And so saying he turned with a flourish, to appreciative chuckles from all three of us, and disappeared through Zelda’s door.
As the door slammed, a burst of laughter and cheers erupted from a couple of tables pushed together at the cafe next door, where a group of mostly younger people sat around a table with an older man at the end, evidently, to judge from the various attitudes, holding court. The older man was dressed in a somewhat threadbare grey suit which matched his greyish, scraggly beard, with an old brown fedora perched on his head and a pair of worn sneakers on his feet, one of which was visible as a crossed leg was swinging a lazy arc through the air as he spoke. His pale blue eyes were somewhat rheumy, but at the moment full of laughter.
“Ha ha ha ha!” we heard his laughter and then words, his voice somewhat hoarse as the other voices quieted while listening to him, “Never, never, never let them tell you you can’t do it, son! hahahaha! That’s exactly what I mean when I tell you about “in the box” thinking! - YOU must make the decisions that guide your life! - sure, you will make mistakes, many mistakes - but when you do, you learn the lessons you need to grow and become a better person! If you take orders all your life, you never learn how to make your own decisions, and accept responsibility for them, and for your life! - and then you find too, as you get older, you can’t make any decisions harder than which tv show to watch because you don’t know how!”
The old man’s voice dropped in volume, his words became indistinguishable from the background babble, as some of the younger voices joined in with questions challenging the old man, and we returned our attention to our own table.
“I must say,” More said, looking around, “it certainly looks like a prosperous enough place you have here, and free enough and happy enough! Who’s the older gentleman, some local man of wisdom or something?”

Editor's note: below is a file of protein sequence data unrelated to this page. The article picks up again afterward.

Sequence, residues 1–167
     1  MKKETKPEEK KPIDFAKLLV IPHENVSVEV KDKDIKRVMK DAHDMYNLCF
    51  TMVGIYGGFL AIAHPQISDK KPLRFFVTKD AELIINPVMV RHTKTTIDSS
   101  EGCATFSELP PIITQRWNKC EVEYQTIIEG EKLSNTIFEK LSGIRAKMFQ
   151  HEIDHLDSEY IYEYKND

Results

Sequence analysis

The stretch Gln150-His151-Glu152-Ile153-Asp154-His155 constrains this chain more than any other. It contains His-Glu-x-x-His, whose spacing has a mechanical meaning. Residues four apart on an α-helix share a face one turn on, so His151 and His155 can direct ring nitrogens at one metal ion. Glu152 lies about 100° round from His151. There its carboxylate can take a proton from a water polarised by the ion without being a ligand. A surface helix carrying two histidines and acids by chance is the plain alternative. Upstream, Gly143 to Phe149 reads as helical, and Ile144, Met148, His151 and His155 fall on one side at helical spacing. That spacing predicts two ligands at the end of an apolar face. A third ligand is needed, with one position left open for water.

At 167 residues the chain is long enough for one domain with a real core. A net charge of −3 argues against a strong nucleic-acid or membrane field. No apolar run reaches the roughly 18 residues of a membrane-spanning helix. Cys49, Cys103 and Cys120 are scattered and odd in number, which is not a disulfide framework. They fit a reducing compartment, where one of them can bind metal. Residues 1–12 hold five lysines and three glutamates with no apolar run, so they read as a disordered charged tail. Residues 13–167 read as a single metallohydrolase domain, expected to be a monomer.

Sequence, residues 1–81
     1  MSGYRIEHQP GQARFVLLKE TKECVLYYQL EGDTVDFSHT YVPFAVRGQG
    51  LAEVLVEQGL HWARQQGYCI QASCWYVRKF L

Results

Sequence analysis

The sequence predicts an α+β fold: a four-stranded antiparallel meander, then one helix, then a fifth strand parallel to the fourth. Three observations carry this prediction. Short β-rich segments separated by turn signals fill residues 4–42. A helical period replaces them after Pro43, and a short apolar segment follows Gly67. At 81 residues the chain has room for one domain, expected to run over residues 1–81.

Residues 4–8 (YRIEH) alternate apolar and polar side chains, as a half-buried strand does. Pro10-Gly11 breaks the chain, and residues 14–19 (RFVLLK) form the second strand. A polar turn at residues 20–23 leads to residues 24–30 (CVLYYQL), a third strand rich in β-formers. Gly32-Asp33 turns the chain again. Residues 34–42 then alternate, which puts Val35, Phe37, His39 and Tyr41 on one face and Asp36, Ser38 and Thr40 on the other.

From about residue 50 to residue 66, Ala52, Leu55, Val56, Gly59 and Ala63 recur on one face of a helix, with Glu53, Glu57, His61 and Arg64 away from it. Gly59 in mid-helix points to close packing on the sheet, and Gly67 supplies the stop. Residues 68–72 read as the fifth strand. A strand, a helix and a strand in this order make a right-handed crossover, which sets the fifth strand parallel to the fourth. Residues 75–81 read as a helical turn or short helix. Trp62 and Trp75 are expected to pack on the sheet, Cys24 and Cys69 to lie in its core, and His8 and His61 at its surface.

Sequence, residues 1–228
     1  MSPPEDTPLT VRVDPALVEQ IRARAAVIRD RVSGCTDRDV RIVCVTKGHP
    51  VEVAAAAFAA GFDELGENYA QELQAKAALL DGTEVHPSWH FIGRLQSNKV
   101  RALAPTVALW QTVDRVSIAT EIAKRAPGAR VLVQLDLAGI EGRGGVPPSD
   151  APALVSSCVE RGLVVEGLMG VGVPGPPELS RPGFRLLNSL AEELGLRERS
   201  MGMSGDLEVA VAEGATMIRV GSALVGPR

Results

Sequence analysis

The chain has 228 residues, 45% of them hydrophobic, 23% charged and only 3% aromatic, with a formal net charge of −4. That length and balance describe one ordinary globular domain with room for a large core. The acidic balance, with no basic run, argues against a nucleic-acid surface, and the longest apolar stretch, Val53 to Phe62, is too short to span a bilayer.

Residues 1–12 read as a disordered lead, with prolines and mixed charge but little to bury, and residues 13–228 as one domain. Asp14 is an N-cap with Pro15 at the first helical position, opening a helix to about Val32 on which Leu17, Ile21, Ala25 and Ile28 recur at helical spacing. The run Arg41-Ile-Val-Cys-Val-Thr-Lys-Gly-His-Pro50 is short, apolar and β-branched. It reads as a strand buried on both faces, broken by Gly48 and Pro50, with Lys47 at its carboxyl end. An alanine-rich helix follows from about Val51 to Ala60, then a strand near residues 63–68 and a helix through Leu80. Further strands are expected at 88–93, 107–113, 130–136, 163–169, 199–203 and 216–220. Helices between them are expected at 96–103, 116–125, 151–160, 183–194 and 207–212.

I couldn’t help myself, an involuntary peal of laughter overtook me.
“Sorry, Thomas,” I said when I recovered, “but you’d have to know the history here! Old Mac, as he is known, was for years and years known mainly as the last holdout of the Charlottetown alkies, as they referred to homeless alcoholics. He was normally to be found shuffling along Queen St there where we just came from, or sitting in front of the liquor store just around the corner, begging for nickels and quarters for his daily quart of wine.”
“Really?” said Thoreau, “so what happened?”
“Well,” I said, “in Green Island we believe in looking after everyone and respecting all of our people, and now old Mac has a room just a couple of blocks away, and a bit of pocket money every day - and we also don’t believe in fostering a societal underclass of any sort, so by and large he is accepted for who he is now - oh, there are still people around who like to feel superior and scorn people like Mac because they have to look down on someone, but as you can see, younger people, more open than many older people to new things, have started to talk to him, and he is saying some things they like to hear, it appears, now that he has a chance.”
“And as for prosperous looking in general, I know what you mean, and quite agree. It is quite a bit different from a few years ago, when the whole Island seemed to be ready to crumble, on the edge of financial disaster at all times - most of these shops were closed then, except for some being open a couple of months in the summer to take advantage of the tourist trade that many Island governments tried to make the basis of our economy, a losing idea in all respects, in our opinion - but more to the point, there just wasn’t enough money around for people to spend - lots of willing workers, but a seasonal economy based on farming, fishing and tourism just doesn’t have the diverse, dependable year-in, year-out base needed to prosper.”